Happy Poetry Friday! (Wondering what Poetry Friday is? Click here.)
I just finished reading Traveling the Blue Road: Poems of the Sea, a powerful recent Lee Bennett Hopkins anthology. Wow. I love the ocean so much, and these poems about ocean voyages and voyagers really touched me. Having just visited a refugee camp on an island in the Mediterranean Sea recently (photos below), Naomi Shihab Nye’s poem especially resonated with me.
If you are the child of a refugee, you do not
sleep easily when they are crossing the sea
on small rafts and you know they can’t swim.
My father couldn’t swim either. He swam through
sorrow, though, and made it to the other side
on a ship, pitching his old clothes overboard
at landing, then tried to be happy, make a new life.
But something inside him was always paddling home,
clinging to anything that floated – a story, a food or face.
They are the bravest people on earth right now,
don’t dare look down on them. Each mind a universe
swirling as many details as yours, as much love for
a humble place. Now the shirt is torn,
the sea too wide for comfort, and nowhere
to receive a letter for a very long time.
And if we can reach out a hand, we better.
–Naomi Shihab Nye, from Traveling the Blue Sea, all rights reserved
The asylum seekers we ate lunch with, a mother and father and two young sons who had escaped Syria, were so gracious. The father told us about their journey (the walk to Turkey, the harrowing, stormy boat journey on an overcrowded boat, the long wait they are still on to be classified as refugees), and it was sobering and heartbreaking. Naomi’s poem, especially “They are the bravest people on earth right now,
don’t dare look down on them,” feels so true.
There are many other wonderful poems in this anthology–look for it. And for more terrific poems right now, don’t miss the Poetry Friday Roundup with poet-educator Margaret Simon at Reflections on the Teche!
Linda Mitchell says
Thank you, Laura. This book really got to me. This poem really got to me….it’s what I was thinking about yesterday with Aphrodite’s Rock. I’m so glad you have reviewed this book today. It is beautiful. That line, “always paddling toward home” stays with me.
Your photos & the poem shared from TRAVELING THE BLUE ROAD, leave me stunned. I am so appreciative of the wide welcoming/helping arms of the many, who often seem out- numbered by the loud, uncaring few. Thank you for visiting the refugee camp & appreciations for sharing Naomi Shihab Nye’s poem in this recent LBH anthology.
I plan to order.
Naomi’s poetry always touches me to the core. Her way of getting to the real gut of a moment, as in “always paddling home.” Thanks for sharing this poem and the collection.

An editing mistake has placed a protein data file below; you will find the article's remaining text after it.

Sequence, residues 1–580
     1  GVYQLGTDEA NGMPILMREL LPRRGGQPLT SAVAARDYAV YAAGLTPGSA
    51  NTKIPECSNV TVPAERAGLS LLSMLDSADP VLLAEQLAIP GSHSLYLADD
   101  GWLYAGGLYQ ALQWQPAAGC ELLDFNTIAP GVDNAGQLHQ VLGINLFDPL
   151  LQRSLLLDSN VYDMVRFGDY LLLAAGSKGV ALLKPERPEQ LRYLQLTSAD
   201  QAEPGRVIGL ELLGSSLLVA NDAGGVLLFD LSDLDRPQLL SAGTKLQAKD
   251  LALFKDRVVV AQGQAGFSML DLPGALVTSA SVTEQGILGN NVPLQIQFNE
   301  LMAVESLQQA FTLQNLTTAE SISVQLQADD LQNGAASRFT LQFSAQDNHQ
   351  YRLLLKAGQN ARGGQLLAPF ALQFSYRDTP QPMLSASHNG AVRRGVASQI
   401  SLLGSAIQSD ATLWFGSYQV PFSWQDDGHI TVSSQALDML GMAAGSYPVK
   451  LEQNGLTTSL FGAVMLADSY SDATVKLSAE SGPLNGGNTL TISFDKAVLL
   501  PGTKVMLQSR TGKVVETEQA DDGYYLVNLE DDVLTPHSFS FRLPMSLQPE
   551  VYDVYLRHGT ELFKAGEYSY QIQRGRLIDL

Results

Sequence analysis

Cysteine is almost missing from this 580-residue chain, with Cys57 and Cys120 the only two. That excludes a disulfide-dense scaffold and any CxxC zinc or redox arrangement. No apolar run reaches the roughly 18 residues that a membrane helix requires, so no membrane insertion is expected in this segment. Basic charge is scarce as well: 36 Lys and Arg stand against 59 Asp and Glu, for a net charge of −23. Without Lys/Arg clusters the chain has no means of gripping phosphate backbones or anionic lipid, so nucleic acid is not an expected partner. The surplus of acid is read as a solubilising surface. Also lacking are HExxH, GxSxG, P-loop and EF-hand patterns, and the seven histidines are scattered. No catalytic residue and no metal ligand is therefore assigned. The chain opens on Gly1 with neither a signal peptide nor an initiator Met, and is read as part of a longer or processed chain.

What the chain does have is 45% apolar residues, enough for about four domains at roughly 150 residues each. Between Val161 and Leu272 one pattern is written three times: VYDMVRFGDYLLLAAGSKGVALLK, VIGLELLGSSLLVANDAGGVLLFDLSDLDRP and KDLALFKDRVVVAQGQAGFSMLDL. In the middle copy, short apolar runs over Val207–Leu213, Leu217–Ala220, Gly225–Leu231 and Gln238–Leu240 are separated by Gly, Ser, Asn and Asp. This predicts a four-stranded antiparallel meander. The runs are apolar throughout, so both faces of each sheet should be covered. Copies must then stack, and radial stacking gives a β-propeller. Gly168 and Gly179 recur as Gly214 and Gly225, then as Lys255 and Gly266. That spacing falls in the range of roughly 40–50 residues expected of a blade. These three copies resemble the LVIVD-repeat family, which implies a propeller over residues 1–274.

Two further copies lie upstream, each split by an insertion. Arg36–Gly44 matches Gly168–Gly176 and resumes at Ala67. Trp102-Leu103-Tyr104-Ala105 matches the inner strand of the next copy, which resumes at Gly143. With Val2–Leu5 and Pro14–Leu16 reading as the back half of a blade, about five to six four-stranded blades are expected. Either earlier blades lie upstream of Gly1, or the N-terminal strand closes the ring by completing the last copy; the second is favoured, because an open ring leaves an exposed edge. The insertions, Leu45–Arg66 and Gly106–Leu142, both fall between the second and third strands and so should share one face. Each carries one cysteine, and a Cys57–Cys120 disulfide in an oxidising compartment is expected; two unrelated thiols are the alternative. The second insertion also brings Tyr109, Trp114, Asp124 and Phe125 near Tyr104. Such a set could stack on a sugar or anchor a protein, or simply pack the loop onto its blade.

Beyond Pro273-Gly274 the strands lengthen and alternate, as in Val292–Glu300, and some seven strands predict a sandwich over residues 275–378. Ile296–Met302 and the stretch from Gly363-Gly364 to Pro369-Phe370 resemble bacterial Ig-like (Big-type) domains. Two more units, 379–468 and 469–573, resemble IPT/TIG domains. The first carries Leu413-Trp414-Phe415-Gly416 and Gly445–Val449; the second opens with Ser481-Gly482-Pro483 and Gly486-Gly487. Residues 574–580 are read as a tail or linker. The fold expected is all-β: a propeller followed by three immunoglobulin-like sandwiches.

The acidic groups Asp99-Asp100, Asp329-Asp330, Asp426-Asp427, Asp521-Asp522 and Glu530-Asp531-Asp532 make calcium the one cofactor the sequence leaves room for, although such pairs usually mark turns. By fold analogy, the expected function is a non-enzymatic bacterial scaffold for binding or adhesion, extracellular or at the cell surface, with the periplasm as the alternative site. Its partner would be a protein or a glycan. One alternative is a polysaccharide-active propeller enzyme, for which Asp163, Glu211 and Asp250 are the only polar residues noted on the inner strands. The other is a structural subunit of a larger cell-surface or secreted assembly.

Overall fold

Irene Latham says
I, too, love the “blue road”… and believe in the bravery of those who would risk so much for a better life. What faith! What courage! Heroes. (Also I just listened to THE DEVIL’S HIGHWAY… talk about powerful.) Thank you, Laura! xo
That looks like an intense book–just added to my tbr shelf. Thanks!
I have the book, have only read a little of it, sad to say. I’ve been volunteering a little bit at a refugee center here, bringing books that are not used for our bookstore, arranging them, too. Everyone is trying hard to take care of themselves and families, always friendly to me. Thanks for sharing your experience, Laura. It’s hard to imagine their plight, and I want to help as much as I can. Though I only moved across states, that “But something inside him was always paddling home” touched me, too. Wherever one begins, that’s home, isn’t it?
That’s so wonderful, Linda, what you’re doing. I’m hoping, once we move and I have a car again during the daytime, to find a way to work with refugee children and literacy. We have a large refugee population here in Minnesota, and I want to find a small way to help practically, like you are doing.
I have the book and it’s waiting for me to dive into sometime this summer. Your post has moved it higher up in the pile. I love Nye’s poetry and am so moved by the strength and the plight of refugees. This line popped for me: “clinging to anything that floated – a story, a food or face.”
Yes! That line…each of us could be a small point of floating with something to offer people in trouble…
Michelle Heidenrich Barnes says
I consider it a gift how you’ve brought this poem to life for me, Laura. Thank you. I have no doubt your daughter is doing some amazing, soul-searching, life-changing work.
Kay Mcgriff says
Thank you, Laura, for sharing Naomi’s poem and some of your journey. My heart breaks for all those people who have had to flee everything the know to face the unknown, and my heart breaks for a country that seems determined to slam the doors on them. That last line–If we can reach out a hand, we better–rings true.
Michelle Kogan says
“Mediterranean Blue” as in her title there are so many levels crying out to be heard in this poem–it’s so timely. Thanks for sharing this book Laura, and Naomi Shihab Nye’s poem.
What an opportunity you had, and what a great book. I’ve skimmed it, but obviously need to dig in deeper!